stomach ulcer
bleeding from your stomach and/or gut
mental illness
low blood pressure.
Tell your doctor if you are pregnant or plan to become pregnant.
Your doctor will discuss with you the risks and benefits involved.
It is recommended that women who plan to become pregnant stop taking Cabaser at least one month before becoming pregnant.
Tell your doctor if you are breast-feeding.
Your doctor will discuss with you the risks and benefits involved. It is possible that Cabaser will prevent the production of milk.
If you have not told your doctor about any of the above, tell him/her before you start taking Cabaser.

Taking other medicines

Tell your doctor or pharmacist if you are taking any other medicines, including any that you get without a prescription from your pharmacy, supermarket or health food shop.
Some medicines and Cabaser may interfere with each other. These include:
medicines used to lower your blood pressure
other medicines used for Parkinson's disease
medicines used to treat mental illness
metoclopramide, a medicine used to treat nausea
macrolide antibiotics such as erythromycin.
These medicines may be affected by Cabaser or may affect how well it works. You may need different amounts of your medicines, or you may need to take different medicines.
Your doctor and pharmacist have more information on medicines to be careful with or avoid while taking this medicine.

How to take Cabaser

Follow all directions given to you by your doctor or pharmacist carefully.
They may differ from the information contained in this leaflet.
If you do not understand the instructions on the box/bottle, ask your doctor or pharmacist for help.

How much to take

The dose varies from patient to patient.
Your doctor will tell you how many tablets to take. The usual starting dose is half to one 1 mg tablet (0.5 to 1 mg) a day. Your doctor will gradually increase your dose over several weeks. The recommended maintenance dose is 2 to 3 mg a day.
Follow all instructions from your doctor and pharmacist carefully.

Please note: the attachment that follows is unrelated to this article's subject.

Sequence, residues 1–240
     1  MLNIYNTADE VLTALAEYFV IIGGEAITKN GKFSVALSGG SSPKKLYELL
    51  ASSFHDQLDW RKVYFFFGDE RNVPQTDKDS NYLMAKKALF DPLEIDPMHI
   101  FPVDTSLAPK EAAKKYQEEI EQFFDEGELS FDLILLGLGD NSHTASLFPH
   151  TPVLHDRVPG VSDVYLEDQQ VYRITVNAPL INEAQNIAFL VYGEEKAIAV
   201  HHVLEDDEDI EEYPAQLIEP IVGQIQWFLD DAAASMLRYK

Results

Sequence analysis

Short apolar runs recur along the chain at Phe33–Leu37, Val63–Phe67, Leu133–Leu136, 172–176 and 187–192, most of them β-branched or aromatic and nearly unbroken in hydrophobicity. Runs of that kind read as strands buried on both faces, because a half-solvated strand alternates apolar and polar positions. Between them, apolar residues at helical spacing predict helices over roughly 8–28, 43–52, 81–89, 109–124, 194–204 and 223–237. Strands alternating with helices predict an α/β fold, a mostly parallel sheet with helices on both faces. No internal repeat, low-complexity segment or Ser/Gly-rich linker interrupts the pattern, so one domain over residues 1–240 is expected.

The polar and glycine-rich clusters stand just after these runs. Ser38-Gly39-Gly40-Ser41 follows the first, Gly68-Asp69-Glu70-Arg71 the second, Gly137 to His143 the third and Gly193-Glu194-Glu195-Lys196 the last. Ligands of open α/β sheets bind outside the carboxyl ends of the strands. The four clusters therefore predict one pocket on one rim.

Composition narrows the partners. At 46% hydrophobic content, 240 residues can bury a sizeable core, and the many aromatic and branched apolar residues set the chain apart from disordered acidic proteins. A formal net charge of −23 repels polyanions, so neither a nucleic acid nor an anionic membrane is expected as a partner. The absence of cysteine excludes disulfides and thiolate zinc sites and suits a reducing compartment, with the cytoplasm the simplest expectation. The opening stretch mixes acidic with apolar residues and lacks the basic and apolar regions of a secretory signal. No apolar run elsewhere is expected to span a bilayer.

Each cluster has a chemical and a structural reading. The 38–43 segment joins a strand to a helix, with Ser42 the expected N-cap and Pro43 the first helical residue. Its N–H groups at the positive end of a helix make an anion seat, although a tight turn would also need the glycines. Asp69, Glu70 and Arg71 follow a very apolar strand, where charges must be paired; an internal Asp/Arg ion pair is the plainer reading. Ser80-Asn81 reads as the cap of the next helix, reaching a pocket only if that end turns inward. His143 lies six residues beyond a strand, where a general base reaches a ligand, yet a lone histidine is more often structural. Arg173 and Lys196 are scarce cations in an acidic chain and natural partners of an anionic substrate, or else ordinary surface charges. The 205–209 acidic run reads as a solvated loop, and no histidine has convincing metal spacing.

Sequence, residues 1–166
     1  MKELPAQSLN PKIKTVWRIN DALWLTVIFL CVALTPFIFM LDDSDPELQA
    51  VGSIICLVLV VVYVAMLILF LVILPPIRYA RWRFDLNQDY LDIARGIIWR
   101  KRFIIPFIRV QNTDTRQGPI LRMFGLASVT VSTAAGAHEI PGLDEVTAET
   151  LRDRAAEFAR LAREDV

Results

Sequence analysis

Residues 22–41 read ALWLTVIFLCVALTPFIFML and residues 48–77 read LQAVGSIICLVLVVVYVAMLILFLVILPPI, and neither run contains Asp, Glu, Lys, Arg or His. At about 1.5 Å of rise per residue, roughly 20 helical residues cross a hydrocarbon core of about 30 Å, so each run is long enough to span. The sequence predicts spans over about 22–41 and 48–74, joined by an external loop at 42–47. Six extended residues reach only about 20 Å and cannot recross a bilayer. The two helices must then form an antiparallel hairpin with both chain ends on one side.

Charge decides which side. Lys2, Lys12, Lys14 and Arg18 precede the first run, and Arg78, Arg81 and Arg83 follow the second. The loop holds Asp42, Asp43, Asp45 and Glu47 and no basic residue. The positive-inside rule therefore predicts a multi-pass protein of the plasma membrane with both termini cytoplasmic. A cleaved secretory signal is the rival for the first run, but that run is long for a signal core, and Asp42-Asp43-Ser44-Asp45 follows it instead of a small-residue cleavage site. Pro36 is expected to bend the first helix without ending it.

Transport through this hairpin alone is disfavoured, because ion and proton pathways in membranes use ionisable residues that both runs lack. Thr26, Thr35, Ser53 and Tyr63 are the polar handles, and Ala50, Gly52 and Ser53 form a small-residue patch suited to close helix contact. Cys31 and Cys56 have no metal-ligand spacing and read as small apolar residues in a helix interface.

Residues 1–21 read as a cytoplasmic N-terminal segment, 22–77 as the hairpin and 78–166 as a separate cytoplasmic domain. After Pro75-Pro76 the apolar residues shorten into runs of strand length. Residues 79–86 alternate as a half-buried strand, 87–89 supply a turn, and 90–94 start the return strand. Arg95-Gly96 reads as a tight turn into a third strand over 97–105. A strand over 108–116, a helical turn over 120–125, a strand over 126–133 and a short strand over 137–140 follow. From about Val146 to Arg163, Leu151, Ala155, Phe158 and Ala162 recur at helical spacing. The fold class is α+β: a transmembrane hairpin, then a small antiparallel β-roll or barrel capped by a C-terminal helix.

How to take it

Swallow the tablets whole with a full glass of water.
If your doctor has prescribed half a tablet, break the tablet in half along the scoreline.

When to take it

Take your medicine once a day, preferably with meals.
Taking it with food will lessen any side effects you may experience.
Take your medicine at about the same time each day.
Taking it at the same time each day will have the best effect. It will also help you remember when to take it.
If you are not sure of how to take Cabaser, ask your doctor or pharmacist.

How long to take it

Continue taking your medicine for as long as your doctor tells you.
This medicine helps to control your condition, but does not cure it. It is important to keep taking your medicine even if you feel well.

If you forget to take it

If you forget to take one or more of your Cabaser tablets, take your next tablet at the normal time it is due.
Do not take a double dose to make up for the dose that you missed.
This may increase the chance of you getting an unwanted side effect.
If you are not sure what to do, ask your doctor or pharmacist.
If you have trouble remembering to take your medicine, ask your pharmacist for some hints.

If you take too much (overdose)

Immediately telephone your doctor or the Poisons Information Centre (131 126) for advice or go to Accident and Emergency at your nearest hospital, if you think you or anyone else may have taken too much Cabaser. Do this even if there are no signs of discomfort or poisoning.
You may need urgent medical attention.